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Making sure your recruitment works in an uncertain environment

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11th Aug 2016
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We are living through Volatile, Uncertain, Complex and Ambiguous (VUCA) times. Uncertainty affects almost every aspect of work, and recruitment is no exception. How can recruiters successfully navigate a VUCA environment?

During times of uncertainty, where there is ambiguity and pressure, we know that decision-making becomes more instinctive. This has two implications for recruitment.

Firstly, there is the “glass cliff” phenomenon, where women are more likely to be promoted into senior leadership roles during times of crisis, with an increased risk of failure and criticism. In part, this reflects our implicit beliefs about gender and leadership; for example, that women will bring a more nurturing and intuitive leadership style.

At its core, the glass cliff highlights an instinctive response to uncertainty, which can open up the recruiter’s susceptibility to their own unconscious bias during the interview process.

The second risk is the flip-side of the Glass Cliff – that the status quo is preserved due to more conservative choices being made. An increasingly common outcome is for recruiters to choose someone who is similar to themselves or the incumbent, as well as an increased emphasis on track record over potential.

This highlights the importance of looking beyond experience and our own assumptions to understand the key qualities that each candidate brings. After all, whilst some candidates say their CV can get them into any leading business in their sector, the old adage that people do jobs, not CVs, remains true.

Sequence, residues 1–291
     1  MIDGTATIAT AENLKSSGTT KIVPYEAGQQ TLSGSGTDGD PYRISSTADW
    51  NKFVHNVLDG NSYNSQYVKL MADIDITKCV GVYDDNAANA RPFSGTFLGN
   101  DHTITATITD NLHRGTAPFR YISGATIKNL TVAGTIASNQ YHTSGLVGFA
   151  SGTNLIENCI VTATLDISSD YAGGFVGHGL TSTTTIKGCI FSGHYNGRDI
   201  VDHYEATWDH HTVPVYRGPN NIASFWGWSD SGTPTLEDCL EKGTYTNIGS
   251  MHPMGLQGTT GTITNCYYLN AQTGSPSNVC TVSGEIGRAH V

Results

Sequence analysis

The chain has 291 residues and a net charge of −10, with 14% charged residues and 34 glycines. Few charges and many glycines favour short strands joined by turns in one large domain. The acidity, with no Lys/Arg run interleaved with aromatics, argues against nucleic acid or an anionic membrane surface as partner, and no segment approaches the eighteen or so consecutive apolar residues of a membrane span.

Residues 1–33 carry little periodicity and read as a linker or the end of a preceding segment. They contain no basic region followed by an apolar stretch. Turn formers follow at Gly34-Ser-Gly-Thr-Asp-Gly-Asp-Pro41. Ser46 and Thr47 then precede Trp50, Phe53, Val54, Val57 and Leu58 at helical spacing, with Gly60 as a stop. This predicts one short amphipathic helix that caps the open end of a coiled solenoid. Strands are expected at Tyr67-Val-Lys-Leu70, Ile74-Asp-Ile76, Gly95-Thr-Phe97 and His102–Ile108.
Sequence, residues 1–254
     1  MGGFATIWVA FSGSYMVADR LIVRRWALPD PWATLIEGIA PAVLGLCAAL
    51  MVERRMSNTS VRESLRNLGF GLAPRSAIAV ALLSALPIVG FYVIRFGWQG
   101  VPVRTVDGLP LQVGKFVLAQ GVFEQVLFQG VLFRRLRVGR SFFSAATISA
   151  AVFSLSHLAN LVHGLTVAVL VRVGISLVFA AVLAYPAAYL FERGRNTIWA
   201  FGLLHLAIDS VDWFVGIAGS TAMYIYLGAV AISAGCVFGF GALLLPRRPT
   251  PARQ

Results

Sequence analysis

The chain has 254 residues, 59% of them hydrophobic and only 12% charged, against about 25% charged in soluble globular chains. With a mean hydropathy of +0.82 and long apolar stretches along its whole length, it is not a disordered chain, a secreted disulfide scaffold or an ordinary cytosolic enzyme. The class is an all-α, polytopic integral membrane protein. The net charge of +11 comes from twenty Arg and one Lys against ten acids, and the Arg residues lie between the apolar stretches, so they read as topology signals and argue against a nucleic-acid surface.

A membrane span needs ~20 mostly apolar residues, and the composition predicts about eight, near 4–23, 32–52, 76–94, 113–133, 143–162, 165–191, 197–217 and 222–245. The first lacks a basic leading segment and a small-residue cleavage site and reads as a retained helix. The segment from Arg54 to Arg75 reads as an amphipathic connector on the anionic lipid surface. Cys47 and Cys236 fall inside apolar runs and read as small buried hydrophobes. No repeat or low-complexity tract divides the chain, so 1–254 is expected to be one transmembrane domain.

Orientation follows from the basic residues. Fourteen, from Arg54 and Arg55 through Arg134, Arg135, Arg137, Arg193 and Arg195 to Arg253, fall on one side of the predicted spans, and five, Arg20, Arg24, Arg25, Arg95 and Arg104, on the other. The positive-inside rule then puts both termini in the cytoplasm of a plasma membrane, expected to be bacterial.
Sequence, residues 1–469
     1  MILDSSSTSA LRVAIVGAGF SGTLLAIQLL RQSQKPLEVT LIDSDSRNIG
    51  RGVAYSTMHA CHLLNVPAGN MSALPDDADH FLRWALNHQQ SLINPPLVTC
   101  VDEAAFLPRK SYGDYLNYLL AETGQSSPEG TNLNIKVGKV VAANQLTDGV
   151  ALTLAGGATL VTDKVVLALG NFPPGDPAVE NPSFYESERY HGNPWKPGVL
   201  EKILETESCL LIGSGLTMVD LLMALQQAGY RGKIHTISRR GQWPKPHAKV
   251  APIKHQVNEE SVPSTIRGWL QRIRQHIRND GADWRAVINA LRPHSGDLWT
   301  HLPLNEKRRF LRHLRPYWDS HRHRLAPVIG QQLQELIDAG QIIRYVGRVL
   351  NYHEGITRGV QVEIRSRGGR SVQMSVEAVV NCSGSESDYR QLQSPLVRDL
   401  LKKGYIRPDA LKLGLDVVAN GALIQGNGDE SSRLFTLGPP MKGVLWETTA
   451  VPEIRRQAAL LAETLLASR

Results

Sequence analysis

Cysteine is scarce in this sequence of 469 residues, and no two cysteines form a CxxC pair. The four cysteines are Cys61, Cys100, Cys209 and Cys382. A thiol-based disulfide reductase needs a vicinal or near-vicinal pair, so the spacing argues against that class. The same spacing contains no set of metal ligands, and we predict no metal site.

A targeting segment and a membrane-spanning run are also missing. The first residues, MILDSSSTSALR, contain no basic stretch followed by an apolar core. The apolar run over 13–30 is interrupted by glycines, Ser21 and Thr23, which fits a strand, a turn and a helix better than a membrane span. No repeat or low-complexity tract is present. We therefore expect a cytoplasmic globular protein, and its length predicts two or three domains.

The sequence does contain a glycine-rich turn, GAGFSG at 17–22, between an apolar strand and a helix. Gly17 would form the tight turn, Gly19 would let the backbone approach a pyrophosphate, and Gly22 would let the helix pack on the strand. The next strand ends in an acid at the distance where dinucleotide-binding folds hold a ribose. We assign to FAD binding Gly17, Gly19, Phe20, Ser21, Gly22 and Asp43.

The implications of a VUCA environment for recruiters are twofold.

The first is around quality of appointments. We are seeing a reduction in number of senior-level appointments, although those that do go ahead tend to be business-critical. This places a greater emphasis on recruiters to make the right decision.

Secondly, recruiters need to focus on budget. With businesses bringing a sharp focus on cost control, there is a need for recruiters to prioritise and justify spend with a strong business case.

This means that HR professionals need to be clear what matters most, so critical elements of a recruitment process can be retained or enhanced. Without a robust view, there is the risk that the overall process is eroded and the quality of decision-making declines.

So what should recruiters prioritise during times of uncertainty? There are three ‘must win’ areas for recruiters:

  • focusing on the interview process
  • implementing proper due diligence
  • ensuring they get the right candidate fit.

The four cornerstones of getting interviews right

  1. Gaining detailed, relevant information about what a candidate has achieved and how – this needs preparation so questions are aligned to the role requirements. It also involves a real curiosity and willingness to probe and explore the candidate’s approach. This is critical to getting beneath process-level descriptions (“I gave feedback and then monitored performance”), and superficially appealing catch-phrases (“I networked extensively”). Can you picture what the candidate actually did? This is the acid test. If not, ask more questions.